• Make lists in a separate notebook. Use your computer for the story, but if the need for details overshadows the creative urge, make a quick note in a notebook. Don’t let yourself get bogged down, but let the free association part of your right brain give you ideas to explore later with your more logical left side.
  • Don’t give in to fear. Many times our Internal Editor is driven by fear. Fear that this draft isn’t good, won’t work or just doesn’t make sense. Remind yourself that this version isn’t written in stone. Sometimes just giving ourselves permission to write what Anne Lamott calls the sh*%&# first draft is all we need to derail our Internal Editor.

All of these can help, but I’d like to know what tricks you use to keep that INNER EDITOR quiet.

Don't forget to join the conversation!
Blessings,
Edie

16 comments:

  1. These are great tips - the word count goal has definitely helped me! What's also helped is to keep my sessions at the computer focused - meaning I don't try to edit AND write in the same session. Honestly, when I can, it's totally best for me to just be writing and then, when I'm finished with the book, switch to editing. With deadlines, I'm now having to learn to edit in the morning then take a break to switch out of that mode and then go back to write.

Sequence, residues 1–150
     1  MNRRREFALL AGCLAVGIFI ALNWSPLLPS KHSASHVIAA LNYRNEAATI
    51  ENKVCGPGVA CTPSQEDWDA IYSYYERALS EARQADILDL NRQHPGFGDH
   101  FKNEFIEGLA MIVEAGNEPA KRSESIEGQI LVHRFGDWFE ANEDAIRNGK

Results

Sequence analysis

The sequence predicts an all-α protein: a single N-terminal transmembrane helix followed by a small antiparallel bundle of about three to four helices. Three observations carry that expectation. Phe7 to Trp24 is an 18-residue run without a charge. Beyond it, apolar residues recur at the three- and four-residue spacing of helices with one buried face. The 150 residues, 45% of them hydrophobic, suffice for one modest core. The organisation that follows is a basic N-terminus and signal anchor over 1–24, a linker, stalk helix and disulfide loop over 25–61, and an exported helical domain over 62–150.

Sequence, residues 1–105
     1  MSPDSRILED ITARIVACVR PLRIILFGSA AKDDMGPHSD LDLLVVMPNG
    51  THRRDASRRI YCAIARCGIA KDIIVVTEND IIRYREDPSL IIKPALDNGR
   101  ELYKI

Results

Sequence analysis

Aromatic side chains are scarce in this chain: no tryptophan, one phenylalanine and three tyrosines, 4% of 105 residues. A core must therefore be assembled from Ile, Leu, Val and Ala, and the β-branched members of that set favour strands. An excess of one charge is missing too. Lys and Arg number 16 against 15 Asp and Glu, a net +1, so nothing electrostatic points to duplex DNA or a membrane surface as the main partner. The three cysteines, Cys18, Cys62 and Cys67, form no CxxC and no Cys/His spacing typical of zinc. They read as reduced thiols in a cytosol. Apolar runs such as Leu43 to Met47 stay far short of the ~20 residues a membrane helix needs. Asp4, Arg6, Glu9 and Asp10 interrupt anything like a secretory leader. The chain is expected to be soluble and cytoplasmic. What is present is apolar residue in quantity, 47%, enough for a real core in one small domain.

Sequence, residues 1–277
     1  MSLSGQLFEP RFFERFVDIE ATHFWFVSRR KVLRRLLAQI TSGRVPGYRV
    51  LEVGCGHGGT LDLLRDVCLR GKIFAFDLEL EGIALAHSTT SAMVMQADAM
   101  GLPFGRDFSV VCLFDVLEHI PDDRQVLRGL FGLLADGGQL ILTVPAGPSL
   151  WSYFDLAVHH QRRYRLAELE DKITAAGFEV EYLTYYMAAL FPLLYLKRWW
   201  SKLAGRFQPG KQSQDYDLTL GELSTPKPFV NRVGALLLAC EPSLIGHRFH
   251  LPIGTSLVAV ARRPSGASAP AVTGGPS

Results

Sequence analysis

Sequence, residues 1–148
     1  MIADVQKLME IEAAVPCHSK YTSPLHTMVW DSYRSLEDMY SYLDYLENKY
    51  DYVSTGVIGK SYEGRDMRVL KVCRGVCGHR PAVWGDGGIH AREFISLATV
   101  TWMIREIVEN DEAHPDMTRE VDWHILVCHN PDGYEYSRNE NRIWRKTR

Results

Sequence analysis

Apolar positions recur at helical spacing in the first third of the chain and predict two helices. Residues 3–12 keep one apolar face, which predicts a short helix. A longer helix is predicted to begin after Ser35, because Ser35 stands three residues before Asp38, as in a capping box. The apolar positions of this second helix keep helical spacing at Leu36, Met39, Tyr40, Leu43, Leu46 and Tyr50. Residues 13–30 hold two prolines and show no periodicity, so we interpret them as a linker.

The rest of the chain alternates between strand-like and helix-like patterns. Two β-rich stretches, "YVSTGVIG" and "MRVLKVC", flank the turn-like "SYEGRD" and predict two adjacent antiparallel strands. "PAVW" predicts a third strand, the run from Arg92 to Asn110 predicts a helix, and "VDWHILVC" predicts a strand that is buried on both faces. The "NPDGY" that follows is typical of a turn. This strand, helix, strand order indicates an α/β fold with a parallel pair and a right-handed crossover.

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    1. Elizabeth, that's a great schedule to follow! I've had to learn to do the opposite. It seems my best creative time is in the morning. So I edit in the afternoon. Thanks so much for sharing your thoughts! Blessings, E

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  2. My Inner Editor is huge. I couldn't even write this comment without her nudging me to edit it! :) Thanks for the suggestions. I'll give them a try.
    Blessings!
    Pam at 2 Encourage

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    1. Pam, let me know if any work, or if you find something else that works as well. Good Luck! Blessings, E

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  3. Edie -

    Thank you so much for this! My internal editor has been ruling over my writing. Very timely article.

    Remembering you in my prayers.

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    1. Robin, I"m glad this was helpful. My internal editor is a bully, so I know how you feel! Thanks so much for the prayers! Blessings, E

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  4. Great post, Edie. The tips are helpful and cutting the cord is a perfect visual.